The Tesla CEO himself used data from Botometer, a tool to measure bot followers on Twitter accounts, during the public spats leading up to the company’s takeover. The tool was created by Indiana University’s Observatory on Social Media. But the tool’s future may be jeopardized by the new API announcement.

Many research projects take into account a large number of tweets. They send hundreds of questions to the platform to study different topics. Twitter has not released any details about what might be offered in the $100 per month tier. But it probably won’t be enough for most projects. For reference, under the academic research track, Twitter API previously provided access to 10 million tweets per month and 50 requests per 15 minutes per app.

Kaicheng Yang, one of the researchers working on Botometer, expressed concern over Twitter’s move to allow shutter-less API access for academics.

Joshua Tucker, co-director of the NYU Center for Social Media and Politics, recently published a paper on Russian disinformation campaigns on Twitter during the 2016 US presidential election campaign. He said the campaign studied data from many thousands of tweets, so if the social network academics pay for that data, it would be difficult to conduct research on a large scale.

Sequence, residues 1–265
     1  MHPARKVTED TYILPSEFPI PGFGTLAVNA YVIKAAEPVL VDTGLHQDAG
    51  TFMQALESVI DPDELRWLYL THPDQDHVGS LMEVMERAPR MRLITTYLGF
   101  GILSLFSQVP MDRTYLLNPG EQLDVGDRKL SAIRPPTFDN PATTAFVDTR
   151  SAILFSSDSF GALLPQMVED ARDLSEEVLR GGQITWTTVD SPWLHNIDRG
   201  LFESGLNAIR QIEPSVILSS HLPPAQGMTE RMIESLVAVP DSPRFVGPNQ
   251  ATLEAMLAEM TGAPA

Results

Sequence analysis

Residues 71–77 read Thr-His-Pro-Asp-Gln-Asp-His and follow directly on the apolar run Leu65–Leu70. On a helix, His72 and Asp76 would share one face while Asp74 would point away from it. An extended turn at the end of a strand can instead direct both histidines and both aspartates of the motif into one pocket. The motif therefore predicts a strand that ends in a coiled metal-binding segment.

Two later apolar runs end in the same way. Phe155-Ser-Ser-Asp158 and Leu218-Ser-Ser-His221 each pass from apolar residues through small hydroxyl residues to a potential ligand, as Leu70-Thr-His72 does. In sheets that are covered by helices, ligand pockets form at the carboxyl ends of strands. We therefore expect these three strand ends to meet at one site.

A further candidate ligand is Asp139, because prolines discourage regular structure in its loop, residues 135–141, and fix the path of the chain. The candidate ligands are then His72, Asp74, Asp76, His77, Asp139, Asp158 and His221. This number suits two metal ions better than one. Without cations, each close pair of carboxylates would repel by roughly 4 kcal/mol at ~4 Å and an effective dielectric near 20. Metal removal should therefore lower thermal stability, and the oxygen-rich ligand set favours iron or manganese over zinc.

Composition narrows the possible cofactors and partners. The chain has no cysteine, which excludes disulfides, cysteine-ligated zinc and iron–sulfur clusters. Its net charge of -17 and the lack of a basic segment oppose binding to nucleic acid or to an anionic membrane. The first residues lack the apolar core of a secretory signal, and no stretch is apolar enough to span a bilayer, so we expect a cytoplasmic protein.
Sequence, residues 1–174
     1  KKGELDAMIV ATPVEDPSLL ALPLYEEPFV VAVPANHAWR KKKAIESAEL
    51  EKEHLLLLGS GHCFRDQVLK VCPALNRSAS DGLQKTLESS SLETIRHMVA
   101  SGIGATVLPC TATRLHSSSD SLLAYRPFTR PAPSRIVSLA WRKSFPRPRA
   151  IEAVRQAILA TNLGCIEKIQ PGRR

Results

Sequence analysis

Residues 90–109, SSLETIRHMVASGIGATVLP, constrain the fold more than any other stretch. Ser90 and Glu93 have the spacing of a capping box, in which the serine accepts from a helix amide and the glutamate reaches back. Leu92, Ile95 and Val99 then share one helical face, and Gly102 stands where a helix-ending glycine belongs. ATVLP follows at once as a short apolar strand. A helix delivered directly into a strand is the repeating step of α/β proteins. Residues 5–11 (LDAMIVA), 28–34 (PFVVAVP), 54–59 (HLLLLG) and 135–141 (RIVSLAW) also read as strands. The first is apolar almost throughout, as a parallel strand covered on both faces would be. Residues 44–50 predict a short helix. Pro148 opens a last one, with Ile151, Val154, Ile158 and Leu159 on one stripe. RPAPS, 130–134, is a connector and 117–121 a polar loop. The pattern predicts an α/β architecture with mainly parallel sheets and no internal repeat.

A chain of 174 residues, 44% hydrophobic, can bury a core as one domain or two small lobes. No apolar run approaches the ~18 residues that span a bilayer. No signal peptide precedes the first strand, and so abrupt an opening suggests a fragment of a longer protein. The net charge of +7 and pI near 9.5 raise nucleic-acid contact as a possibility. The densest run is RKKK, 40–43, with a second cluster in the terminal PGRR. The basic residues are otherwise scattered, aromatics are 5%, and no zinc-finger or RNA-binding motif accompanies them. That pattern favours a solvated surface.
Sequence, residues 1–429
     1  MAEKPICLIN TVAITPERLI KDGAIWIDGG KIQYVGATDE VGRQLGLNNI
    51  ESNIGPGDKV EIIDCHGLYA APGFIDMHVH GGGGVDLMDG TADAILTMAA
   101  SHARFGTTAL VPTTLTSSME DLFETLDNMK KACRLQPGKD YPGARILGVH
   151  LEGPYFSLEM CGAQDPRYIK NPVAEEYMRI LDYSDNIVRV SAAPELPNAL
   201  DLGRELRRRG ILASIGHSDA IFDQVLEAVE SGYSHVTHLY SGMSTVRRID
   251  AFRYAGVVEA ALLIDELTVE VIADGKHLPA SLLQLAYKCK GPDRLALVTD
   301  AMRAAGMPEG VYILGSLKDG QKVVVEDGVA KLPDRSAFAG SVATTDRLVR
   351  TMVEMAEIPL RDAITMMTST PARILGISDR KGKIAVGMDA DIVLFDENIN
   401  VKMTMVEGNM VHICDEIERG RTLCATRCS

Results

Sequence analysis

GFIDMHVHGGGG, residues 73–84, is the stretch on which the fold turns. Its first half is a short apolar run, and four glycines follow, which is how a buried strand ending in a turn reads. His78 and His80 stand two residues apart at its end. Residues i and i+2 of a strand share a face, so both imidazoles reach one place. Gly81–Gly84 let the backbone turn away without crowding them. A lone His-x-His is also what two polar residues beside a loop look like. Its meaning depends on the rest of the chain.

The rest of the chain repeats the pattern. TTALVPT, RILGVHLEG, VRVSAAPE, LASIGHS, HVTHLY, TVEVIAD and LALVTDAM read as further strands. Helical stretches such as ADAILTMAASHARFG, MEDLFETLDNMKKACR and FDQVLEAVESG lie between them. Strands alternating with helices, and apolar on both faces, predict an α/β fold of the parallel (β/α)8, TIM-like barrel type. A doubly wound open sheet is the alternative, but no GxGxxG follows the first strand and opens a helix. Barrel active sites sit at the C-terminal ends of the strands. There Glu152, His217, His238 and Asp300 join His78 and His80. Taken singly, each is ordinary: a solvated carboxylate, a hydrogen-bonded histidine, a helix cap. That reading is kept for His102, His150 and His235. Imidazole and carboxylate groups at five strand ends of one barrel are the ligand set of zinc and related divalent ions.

“This [move by Twitter] is just essentially a step in the wrong direction. We are at a time when major global legislative efforts are focused on making access to data easier for outside researchers, and this decision by Twitter will only make accessing data more difficult for outside researchers. This in turn means more blind spots about the impact of the platforms on society for policymakers, the press, civil society and business,” he said.